Lite Brite Neon
Lite Brite Neon
The first neon sign in the US lit up in 1923 at a Packard dealership in Los Angeles, and it didn’t take long for the glowing letters and images to become synonymous with the 20th-century American landscape. The lighting reached its heyday in the 1950s, but most of the signs have gradually disappeared, thanks to laws banning them and the introduction of cheaper LED bulbs. Today, those that remain inspire a wistful nostalgia for a lost art form.
But that art form hasn’t vanished entirely. Lite Brite Neon continues to make neon art, including pieces by the group’s members, as well as work for commercial clients such as Bergdorf Goodman and for other artists, such as Glenn Ligon. Whether it’s a detailed rendering or a sketch on a napkin, if it involves neon, Lite Brite Neon can make it.
One of a handful of artist-quality neon fabrication studios in the US, Lite Brite began in 1999 as a way for 39-year-old founder Matt Dilling to support his own practice as a neon artist, which focuses on the decorative and architectural possibilities of neon – chandeliers and lighting fixtures.
Over the years, the studio expanded to include a range of neon artists working in everything from art destined for galleries to commercial signage and restoration. In 2017, when the business outgrew its original Brooklyn location (which now serves as a showroom and design studio), Dilling moved production to a 15,000-square-foot former furniture factory in the Hudson Valley, 100 miles north of New York City. Lite Brite’s 17-member fabrication team works on 500 to 700 projects a year.
Working on pieces for well-heeled commercial clients like Squarespace and Dolce & Gabbana allows Lite Brite to support emerging artists. “I didn’t want to create a boutique agency,” says Dilling. “If I can be taking projects from larger commercial clients and being able to use that to support a facility that can produce things for artists who are working on their own – that’s really what I love about having a business.”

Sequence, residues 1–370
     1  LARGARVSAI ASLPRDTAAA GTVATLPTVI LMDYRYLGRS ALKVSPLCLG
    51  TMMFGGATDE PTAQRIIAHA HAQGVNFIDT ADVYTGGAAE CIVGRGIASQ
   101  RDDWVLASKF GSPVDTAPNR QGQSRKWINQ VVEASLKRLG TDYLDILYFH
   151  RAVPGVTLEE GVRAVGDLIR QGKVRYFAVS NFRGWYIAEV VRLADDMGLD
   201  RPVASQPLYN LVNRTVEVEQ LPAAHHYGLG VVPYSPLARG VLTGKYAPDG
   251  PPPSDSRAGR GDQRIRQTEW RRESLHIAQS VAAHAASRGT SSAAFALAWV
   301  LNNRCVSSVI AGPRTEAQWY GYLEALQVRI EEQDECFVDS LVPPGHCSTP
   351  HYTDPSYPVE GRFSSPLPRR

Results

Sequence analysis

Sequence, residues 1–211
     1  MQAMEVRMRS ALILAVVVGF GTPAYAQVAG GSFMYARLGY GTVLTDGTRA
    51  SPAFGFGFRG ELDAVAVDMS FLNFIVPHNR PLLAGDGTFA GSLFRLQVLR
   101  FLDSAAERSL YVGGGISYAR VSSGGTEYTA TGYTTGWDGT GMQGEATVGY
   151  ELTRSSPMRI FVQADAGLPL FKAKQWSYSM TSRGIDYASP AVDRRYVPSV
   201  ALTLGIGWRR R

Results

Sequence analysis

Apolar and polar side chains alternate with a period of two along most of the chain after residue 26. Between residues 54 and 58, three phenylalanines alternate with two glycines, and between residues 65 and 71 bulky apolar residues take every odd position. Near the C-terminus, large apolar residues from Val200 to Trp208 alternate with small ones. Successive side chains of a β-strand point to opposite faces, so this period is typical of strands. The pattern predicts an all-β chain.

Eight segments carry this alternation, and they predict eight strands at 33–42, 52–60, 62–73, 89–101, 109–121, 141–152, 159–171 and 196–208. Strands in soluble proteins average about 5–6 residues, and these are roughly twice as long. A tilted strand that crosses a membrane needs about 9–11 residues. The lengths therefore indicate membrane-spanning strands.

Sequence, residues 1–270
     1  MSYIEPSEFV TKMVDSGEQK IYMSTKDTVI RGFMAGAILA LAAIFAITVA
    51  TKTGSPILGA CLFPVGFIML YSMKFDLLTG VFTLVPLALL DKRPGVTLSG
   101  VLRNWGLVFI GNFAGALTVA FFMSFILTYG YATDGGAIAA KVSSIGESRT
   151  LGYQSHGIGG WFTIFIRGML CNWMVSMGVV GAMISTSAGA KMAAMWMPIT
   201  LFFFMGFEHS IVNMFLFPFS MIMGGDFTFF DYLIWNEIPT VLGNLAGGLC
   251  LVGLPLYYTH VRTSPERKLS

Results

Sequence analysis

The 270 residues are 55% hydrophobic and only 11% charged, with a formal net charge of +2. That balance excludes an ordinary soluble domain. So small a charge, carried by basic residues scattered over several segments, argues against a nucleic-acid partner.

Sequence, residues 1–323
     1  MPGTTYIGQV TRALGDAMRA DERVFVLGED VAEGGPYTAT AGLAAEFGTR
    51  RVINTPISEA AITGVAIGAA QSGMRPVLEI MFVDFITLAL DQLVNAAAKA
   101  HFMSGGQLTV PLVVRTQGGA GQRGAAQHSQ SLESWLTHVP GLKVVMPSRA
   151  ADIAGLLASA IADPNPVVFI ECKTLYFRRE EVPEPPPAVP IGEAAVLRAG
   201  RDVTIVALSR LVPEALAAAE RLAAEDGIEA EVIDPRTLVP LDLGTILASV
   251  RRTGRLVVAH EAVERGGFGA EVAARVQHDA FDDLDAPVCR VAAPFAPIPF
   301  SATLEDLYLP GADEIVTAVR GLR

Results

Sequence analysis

Dilling views creative work as a spiritual practice; he likes to quote Rudolf Steiner’s dictum that the hands do the work of the soul, so it’s not surprising he sees Lite Brite’s less commercial work through a cosmic lens. A recent installation by Tavares Strachan embodies that leaning: Strachan dug 290 craters in the California desert across a space the size of two football fields and filled them with bits of neon. At ground level, it feels like the Earth is lit from within, spilling light. From above, the phrase “I am” – expressing oneness with the universe – is clearly visible.
“These neon pieces have been created out of the very fragile and temporary medium of glass, so, in many ways, they’re impermanent,” says Dilling. “And yet what we’re able to see through neon tubing is actually the process that’s taking place around us all the time: this eternal energy known as light being transformed into electricity. We’re really seeing the sun itself being illuminated through a gas that is produced by the sun itself as it does its whole astrophysical dance.”
The human touch: Every piece Lite Brite produces is bent by hand, the glass tubes heated until they are shaped into the desired configuration. A recent holiday window installation for Bergdorf Goodman celebrating the New York Philharmonic included several dozen bent tubes shaped into orchestral instruments.
Social illumination: Lite Brite is committed to working with activist artists. They assisted Suzy Kellems Dominik with I Can Feel, a giant neon vulva that flashes pink, orange, and red, and was a popular selfie backdrop at Miami Art Week in 2017. They also helped Andrea Bowers with Somos 11 Millones/We Are 11 Million, part of her ongoing work on the plight of children affected by DACA (on view through March in Manhattan’s High Line park).